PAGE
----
In the first six parts of this series (Part 1, Part 2, Part 3, Part 4, Part 5, Part 6), I’ve covered the basics of encryption, BitLocker, TLS, Office 365 Message Encryption, Information Rights Management, and S/MIME. In part seven, I’m going to wrap the discussion of encryption within Exchange Online by providing a quick summary of each option and giving some examples of the best circumstances in which to use each.
BitLocker is an encryption technology designed for protecting data at rest. In Exchange Online, all data drives are protected by BitLocker without the need for individual tenant administrators to take any actions. I’ve included BitLocker in this list just for the sake of completeness.
Transport Layer Security:
Transport Layer Security (TLS) is an encryption technology designed to provide a secure communications channel between two organizations. TLS is best used in circumstances when your organization needs to ensure that all email sent to another organization is sent securely without needing any user action. You can configure TLS on send and receive connectors used to handle traffic to specific partners or other organizations.
In the on-premises version of Exchange it is possible to configure TLS so that users are notified when an outgoing message will be routed over a TLS encrypted connection. This feature is called Domain Secure. Domain Secure is not available in Exchange Online.
Office 365 Message Encryption:
Office 365 Message Encryption (OME) is probably the closest thing to what the average user thinks of when they consider encrypted email. When used, OME encrypts and stores messages sent to recipients outside Office 365. The message recipient is sent a notification to log into OME to access the encrypted message.
There are multiple ways that OME can be triggered for a specific message. I find the best way to trigger OME for a specific message is via a transport rule. Transport rules give tenant administrators the ability to define a set of circumstances that will apply OME protection to messages. Transport rules can trigger OME based on a key work in the subject line, or messages going to a specific user or domain. In Part 3 of this series I showed how to setup a transport rule to trigger OME when the subject line of a message starts with the word “Secure”.
Information Rights Management:
Information Rights Management (IRM) is not really intended to be an encryption technology. IRM is designed to allow users to control how the content of messages are used by recipients, with this control being enforced via encryption technology.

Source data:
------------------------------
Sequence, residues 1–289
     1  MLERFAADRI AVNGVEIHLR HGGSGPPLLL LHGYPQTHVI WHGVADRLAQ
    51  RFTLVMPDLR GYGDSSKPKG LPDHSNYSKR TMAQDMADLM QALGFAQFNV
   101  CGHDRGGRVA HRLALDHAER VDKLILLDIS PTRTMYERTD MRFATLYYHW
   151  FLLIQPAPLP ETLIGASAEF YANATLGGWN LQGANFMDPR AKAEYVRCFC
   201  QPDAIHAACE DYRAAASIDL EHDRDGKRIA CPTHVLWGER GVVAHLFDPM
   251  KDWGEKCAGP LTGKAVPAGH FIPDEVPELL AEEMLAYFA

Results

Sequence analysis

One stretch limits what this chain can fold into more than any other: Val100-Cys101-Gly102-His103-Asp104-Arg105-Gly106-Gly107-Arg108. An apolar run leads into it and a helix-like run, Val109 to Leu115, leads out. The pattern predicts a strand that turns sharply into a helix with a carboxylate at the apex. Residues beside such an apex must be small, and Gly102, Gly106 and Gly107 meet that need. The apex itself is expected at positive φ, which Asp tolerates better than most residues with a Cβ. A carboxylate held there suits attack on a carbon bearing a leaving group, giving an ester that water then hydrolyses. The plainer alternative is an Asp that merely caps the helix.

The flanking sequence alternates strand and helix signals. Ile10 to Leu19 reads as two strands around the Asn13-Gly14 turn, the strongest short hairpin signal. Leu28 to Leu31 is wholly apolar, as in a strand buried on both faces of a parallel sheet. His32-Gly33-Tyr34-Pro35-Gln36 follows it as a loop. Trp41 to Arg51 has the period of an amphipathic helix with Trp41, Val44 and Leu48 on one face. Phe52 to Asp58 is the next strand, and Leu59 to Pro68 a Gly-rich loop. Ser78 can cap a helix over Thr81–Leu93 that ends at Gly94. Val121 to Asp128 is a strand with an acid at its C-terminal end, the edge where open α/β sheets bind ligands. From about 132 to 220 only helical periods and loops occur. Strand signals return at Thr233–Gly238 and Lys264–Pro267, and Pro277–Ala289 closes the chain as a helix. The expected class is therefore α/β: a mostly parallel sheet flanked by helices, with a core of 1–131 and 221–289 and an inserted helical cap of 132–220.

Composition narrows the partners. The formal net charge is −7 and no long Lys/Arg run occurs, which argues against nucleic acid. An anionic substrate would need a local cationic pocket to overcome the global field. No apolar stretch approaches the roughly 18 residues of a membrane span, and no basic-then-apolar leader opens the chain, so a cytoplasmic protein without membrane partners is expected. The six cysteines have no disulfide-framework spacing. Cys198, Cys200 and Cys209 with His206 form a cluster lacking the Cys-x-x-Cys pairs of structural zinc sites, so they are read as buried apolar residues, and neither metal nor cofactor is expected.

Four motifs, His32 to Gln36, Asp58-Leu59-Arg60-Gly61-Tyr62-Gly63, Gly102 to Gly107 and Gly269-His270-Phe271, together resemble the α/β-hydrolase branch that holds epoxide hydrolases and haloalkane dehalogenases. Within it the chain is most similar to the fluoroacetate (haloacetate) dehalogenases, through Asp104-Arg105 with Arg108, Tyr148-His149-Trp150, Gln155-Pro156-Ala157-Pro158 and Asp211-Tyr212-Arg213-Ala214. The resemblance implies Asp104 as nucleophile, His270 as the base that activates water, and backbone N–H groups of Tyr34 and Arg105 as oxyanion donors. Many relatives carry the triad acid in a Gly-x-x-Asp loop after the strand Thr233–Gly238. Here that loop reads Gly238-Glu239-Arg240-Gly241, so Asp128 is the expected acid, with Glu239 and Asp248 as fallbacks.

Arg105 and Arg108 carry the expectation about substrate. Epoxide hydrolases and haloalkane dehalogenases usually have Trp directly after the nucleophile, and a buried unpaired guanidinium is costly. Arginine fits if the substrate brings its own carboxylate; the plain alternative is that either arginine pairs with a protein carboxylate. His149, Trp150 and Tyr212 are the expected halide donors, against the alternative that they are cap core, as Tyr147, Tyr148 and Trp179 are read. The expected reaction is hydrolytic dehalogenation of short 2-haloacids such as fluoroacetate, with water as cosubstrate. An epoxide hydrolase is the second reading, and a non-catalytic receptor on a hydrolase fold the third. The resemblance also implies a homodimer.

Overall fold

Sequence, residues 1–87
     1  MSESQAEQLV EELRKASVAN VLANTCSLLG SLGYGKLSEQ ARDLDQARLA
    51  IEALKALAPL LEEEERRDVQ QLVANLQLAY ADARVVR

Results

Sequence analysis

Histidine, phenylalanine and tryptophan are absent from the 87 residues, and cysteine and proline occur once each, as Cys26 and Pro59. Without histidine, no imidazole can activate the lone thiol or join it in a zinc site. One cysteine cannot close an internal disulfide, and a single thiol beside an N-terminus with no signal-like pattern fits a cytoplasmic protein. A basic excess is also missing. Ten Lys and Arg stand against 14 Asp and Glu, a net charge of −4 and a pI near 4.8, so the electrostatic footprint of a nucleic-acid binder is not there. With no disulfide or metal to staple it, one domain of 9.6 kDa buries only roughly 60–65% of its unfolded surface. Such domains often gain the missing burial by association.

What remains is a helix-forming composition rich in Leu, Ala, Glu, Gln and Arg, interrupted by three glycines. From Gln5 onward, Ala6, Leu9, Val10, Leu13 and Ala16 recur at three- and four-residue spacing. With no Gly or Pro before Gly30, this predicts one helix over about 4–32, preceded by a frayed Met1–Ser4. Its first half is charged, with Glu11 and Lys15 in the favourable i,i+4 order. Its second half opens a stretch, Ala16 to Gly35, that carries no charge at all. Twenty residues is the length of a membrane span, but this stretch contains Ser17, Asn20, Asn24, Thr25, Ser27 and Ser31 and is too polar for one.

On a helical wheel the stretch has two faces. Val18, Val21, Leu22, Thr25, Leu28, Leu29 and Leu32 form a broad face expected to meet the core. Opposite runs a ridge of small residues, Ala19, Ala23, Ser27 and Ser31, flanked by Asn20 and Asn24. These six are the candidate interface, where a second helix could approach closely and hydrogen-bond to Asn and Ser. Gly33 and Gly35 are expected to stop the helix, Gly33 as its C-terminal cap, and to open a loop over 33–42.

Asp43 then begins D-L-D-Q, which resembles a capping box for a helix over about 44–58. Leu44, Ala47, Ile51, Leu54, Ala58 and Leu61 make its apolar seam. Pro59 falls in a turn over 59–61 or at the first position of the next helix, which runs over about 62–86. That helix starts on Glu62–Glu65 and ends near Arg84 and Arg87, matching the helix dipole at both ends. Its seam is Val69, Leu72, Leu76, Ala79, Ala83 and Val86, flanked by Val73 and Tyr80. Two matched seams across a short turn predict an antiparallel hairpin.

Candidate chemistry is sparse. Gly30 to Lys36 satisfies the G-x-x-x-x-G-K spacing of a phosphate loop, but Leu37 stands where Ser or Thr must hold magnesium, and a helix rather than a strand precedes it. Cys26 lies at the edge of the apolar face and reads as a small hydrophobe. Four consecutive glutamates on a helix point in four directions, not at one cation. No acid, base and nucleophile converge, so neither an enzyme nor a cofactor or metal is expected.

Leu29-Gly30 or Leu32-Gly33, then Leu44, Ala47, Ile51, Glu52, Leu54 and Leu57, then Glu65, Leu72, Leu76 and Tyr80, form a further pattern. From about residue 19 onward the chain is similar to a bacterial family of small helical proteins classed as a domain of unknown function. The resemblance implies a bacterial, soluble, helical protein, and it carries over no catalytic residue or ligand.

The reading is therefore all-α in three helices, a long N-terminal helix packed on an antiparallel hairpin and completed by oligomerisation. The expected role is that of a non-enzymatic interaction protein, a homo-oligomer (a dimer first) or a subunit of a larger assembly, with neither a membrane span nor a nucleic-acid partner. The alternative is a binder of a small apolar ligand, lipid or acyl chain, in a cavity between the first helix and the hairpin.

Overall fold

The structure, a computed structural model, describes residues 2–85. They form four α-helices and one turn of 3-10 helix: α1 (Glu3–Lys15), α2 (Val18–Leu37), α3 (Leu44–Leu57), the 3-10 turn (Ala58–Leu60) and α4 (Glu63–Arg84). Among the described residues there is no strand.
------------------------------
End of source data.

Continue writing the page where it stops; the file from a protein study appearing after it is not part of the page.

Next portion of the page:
IRM allows a user to apply a predefined template to a message. The template contains details of the rights to access content that are allowed to recipients. Exchange Online provides 3 default templates for IRM. If those three templates do not completely meet your organization’s needs, you can create your own templates to meet custom conditions.
IRM is best used within your organization. A CEO may need to send a companywide message with details of an upcoming deal that has to remain within the company until the deal is finalized. IRM can be used to ensure that message cannot be forwarded by the recipients. IRM will not prevent all malicious behavior, but it does provide a framework for helping honest employees respect your organization’s rules.
Only the default "Do Not Forward" IRM template can be used outside of your organization and that template can only be used to send messages to other Office 365 tenants. In order to use IRM with messages that are sent to organizations outside of Office 365 you would have to do extensive setup of your own PKI in your on-premises Active Directory.
Secure/Multipurpose Internet Mail Extensions:
Secure/Multipurpose Internet Mail Extensions (S/MIME) is a client side encryption technology. Both the strength and the weakness of S/MIME is that the encryption is done on the client side. This means that your messages are protected from any unauthorized access by administrators within your tenant, but it also means that transport rules and virus protection cannot access your S/MIME encrypted messages to apply their protections.
Because of the way public key encryption works (outlined in Part 1 of this series), S/MIME works “backwards”. That is to say, setting up your S/MIME certificate allows other people to send you encrypted messages. S/MIME can work for users outside of your organization as well as for users on completely different messaging platforms to send you encrypted email. But that process is not nearly as smooth as the OME service.
Client to Server communications:
Regardless of the type of encryption you use, all communication between your Outlook client and the Exchange server within Exchange Online is encrypted. That communication may flow over MAPI/HTTP, RPC over HTTP, or possibly even other protocols. You can look at the connections established between Outlook and Exchange Online by holding down the control key and right-clicking on the Outlook icon in your system try. From the menu, select Outlook Connection Status and a window will open that shows all connections between your Outlook client and Exchange.
Once you message traffic gets to the Exchange servers you can be assure that it is handled securely through the entire transport stack.
Wrapping up encryption in Exchange Online:
We’re around seven thousand words, and two months, into this series on encryption in Exchange Online and I think we’ve got it pretty well covered. There are four different ways (five if you count BitLocker) you can encrypt your message traffic in Exchange Online and each of them provides different protections for different situations. Hopefully, if you’ve gotten this far, you have learned something new about your options for securing your messages within Exchange Online. I know I did. If you still have any questions, let me know in the comments below.